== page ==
Leprosy detection: Involvement of teachers
Mudera P Cariappa
P.O. Box 10044, Gaborone, Botswana, Africa
|How to cite this article:
Cariappa MP. Leprosy detection: Involvement of teachers. Indian J Dermatol Venereol Leprol 2007;73:266-267
India accounts for the major burden of globally recorded leprosy patients despite claims to having reduced the burden to below the level of public health significance. Interstate variations in the prevalence rates and the percentage of population at risk are quite substantial. The states of U.P, Bihar, Jharkhand, Orissa, West Bengal and Madhya Pradesh contribute to nearly 63% of the country′s case load. 
One of the goals of the National Health Policy 2002 was to achieve a reduction in leprosy cases to < 1 in 10,000 in the general population by December 2005. Modified leprosy elimination campaigns (MLECs) which had been carried out between 1997-2004, yielded > 1 million new cases that were treated with multidrug therapy (MDT) and cured.  However, more needs to be done in states like Chhatisgarh where the disease prevalence is still more than the national average.
To achieve the goal of elimination of leprosy, the strategy being used is the effective interruption of disease transmission by early detection of leprosy cases and their prompt and effective treatment. The MLECs had been conducted with an objective of increasing public awareness about leprosy, building the capacity of general healthcare staff to deliver services and to detect and treat hidden cases by conducting an intensive, time-limited survey among the people to detect hidden leprosy cases.
Elimination of leprosy has been achieved by India at the national level, however, the aim of the healthcare sector is to detect ′hidden′ cases of leprosy and start treatment quickly.  Much remains to be done in urban areas where the coverage of the governmental primary healthcare structure is minimal. Although not a part of the policy of the Govt. of India, ′school surveys′ need to be considered as there is a large population of children who need to be covered especially in urban areas. An earlier study in school children was found to be effective in the detection of leprosy in Tamil Nadu, with a new case detection rate (NCDR) of 6.05/10,000. 
This approach may have a component of ′peer embarrassment′, wherein a subset of children may be hesitant to come forward and tell their peers about any skin lesions on covered body parts. However, within the overall ambit of the concept of a School Health Program, teachers are usually the first point of contact of school children and as such, are supposed to be keeping a watchful eye on the health of their pupils. Besides, during routine school health examinations, the services of the teachers are co-opted for conducting various screening activities, rendering the teachers attuned to such activities and sensitive to further orientation.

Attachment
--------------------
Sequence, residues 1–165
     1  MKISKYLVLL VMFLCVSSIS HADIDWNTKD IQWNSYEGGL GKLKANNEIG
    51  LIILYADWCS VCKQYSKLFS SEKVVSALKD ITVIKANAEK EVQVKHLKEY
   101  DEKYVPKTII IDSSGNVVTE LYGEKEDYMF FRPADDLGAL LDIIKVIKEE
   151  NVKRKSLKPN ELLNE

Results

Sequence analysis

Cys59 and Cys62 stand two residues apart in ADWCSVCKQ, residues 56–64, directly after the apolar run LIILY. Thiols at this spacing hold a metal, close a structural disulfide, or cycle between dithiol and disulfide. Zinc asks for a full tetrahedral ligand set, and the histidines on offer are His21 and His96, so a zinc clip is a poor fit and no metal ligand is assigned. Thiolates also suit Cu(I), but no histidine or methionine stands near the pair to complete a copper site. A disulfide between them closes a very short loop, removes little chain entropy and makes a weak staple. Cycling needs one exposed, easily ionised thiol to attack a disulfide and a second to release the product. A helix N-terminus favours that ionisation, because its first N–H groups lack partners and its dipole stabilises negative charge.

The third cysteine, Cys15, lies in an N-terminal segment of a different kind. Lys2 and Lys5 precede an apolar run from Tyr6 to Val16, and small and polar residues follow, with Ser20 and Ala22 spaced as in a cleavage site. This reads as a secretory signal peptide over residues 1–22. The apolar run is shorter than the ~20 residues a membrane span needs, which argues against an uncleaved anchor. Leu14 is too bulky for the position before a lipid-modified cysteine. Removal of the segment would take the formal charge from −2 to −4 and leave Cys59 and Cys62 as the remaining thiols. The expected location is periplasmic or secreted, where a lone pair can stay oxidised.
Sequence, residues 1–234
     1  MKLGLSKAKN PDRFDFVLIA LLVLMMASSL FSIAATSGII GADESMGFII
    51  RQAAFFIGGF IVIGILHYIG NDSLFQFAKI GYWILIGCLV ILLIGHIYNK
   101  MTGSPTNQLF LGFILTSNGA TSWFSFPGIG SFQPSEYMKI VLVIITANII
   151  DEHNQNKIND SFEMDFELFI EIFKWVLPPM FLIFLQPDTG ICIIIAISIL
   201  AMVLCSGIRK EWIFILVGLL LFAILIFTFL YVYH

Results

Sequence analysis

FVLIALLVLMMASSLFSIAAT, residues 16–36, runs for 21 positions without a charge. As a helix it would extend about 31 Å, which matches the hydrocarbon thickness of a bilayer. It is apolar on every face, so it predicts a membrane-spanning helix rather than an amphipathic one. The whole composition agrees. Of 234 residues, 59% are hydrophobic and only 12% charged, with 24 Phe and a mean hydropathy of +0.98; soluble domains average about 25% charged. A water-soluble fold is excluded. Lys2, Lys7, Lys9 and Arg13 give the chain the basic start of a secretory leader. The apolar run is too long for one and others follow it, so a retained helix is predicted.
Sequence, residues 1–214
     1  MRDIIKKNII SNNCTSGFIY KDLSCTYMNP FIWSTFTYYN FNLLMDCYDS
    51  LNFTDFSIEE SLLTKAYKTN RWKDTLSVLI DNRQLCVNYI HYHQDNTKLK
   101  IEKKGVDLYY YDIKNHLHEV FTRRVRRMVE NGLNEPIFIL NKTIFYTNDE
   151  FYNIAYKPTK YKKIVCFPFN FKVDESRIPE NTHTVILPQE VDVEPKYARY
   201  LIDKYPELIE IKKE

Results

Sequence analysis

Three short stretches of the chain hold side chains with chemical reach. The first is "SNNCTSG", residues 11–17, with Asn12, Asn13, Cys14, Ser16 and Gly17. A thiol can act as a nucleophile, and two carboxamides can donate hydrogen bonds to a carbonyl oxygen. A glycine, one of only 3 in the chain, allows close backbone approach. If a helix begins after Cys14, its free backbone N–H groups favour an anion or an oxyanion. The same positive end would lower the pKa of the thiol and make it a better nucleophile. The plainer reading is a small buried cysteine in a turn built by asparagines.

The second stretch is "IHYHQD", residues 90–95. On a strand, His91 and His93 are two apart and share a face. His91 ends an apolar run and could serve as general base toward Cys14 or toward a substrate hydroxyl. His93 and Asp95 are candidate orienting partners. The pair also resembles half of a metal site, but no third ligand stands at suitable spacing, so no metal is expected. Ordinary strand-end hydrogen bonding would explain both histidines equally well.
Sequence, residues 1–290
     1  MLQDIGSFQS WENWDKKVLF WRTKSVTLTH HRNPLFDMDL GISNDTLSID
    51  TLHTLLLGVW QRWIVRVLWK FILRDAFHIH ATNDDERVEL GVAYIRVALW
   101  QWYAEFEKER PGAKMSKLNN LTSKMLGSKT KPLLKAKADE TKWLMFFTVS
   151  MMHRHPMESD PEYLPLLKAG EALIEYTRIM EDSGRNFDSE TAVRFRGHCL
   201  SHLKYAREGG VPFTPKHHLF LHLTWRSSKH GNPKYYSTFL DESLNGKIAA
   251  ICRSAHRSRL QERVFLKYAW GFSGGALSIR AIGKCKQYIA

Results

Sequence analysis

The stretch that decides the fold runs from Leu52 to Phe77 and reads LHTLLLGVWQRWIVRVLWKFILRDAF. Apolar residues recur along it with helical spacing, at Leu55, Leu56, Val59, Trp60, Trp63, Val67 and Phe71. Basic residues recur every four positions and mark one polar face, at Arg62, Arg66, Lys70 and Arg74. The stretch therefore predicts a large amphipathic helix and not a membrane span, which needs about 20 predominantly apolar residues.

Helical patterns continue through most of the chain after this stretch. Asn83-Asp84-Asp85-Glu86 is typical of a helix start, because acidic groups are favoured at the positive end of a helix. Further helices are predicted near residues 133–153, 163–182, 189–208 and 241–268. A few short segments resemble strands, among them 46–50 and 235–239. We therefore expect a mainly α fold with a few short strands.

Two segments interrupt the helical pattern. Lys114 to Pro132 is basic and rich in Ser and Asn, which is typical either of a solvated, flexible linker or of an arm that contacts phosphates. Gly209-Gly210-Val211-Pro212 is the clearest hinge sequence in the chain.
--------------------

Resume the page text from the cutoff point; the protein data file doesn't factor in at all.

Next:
As a ′proof of concept′ project, teachers of two government-run schools in Hazaribagh District of Jharkhand, (prevalence of leprosy = 3.21 per 10,000) were trained through the use of visual aids and interactive group discussion, to screen for leprosy among school children. The limitation of this project was that the "trained teachers" would undertake examination of only the exposed areas and rely on inputs from students for any lesions on covered areas. Prior to this, active approval for the project was obtained through the forum of the Parent Teacher Association (PTA).
An introductory talk was given to students during the daily school assembly on the occasion of National Leprosy Day in January, 2003, outlining the importance of leprosy as a problem. The screening of students of all classes was done by the schoolteachers with due attention being paid to gender sensitivity. This was followed by referral for expert evaluation to us, through coordinated visits to the school, to obviate wastage of school hours. All suspect cases were then referred to the hospital-based clinic of the military Dermatologist and were required to be accompanied by the parents. Expert confirmation was done and treatment commenced as per MDT guidelines.
We found four cases of paucibacillary leprosy amongst the 2400 school children screened, which translates to a NCDR of 16.6 per 10,000. It is possible that due to active screening of the pupils by the teachers, the detection rate for this project would be higher than that in the project conducted by Norman et al. involving screening relying on reporting to peers.  This serves to illustrate the relevance of such an approach targeting schools especially in urban areas, which could be coordinated through the involvement of nongovernmental organizations (NGO) and PTAs. The large number of cases among children which might go undetected in the course of routine screening initiatives, can be brought ′under the scanner′ by taking advantage of the organization of the school system and training motivated teachers to screen, initially verbally, then by local examination as indicated. The advantage of focusing on schools is the potential for health education and dissemination of information on the disease to the family, besides influencing future behavior and attitudes among students.
Lt. Col. D. P. Srivastava, Classified Specialist (Derm, Ven. and Lep.).
Leprosy Facts and Figures. Bull Lepr Elimination Alliance 2003;3:3-9.[Google Scholar]
Agarwal SP. Progress in the elimination of Leprosy in India. Natl Med J India 2005;18:1-3.[Google Scholar]
Norman G, Joseph GA, Udayasuriyan P, Samuel P, Venugopal M. Leprosy case detection using schoolchildren. Lepr Rev 2004;75:34-9.[Google Scholar]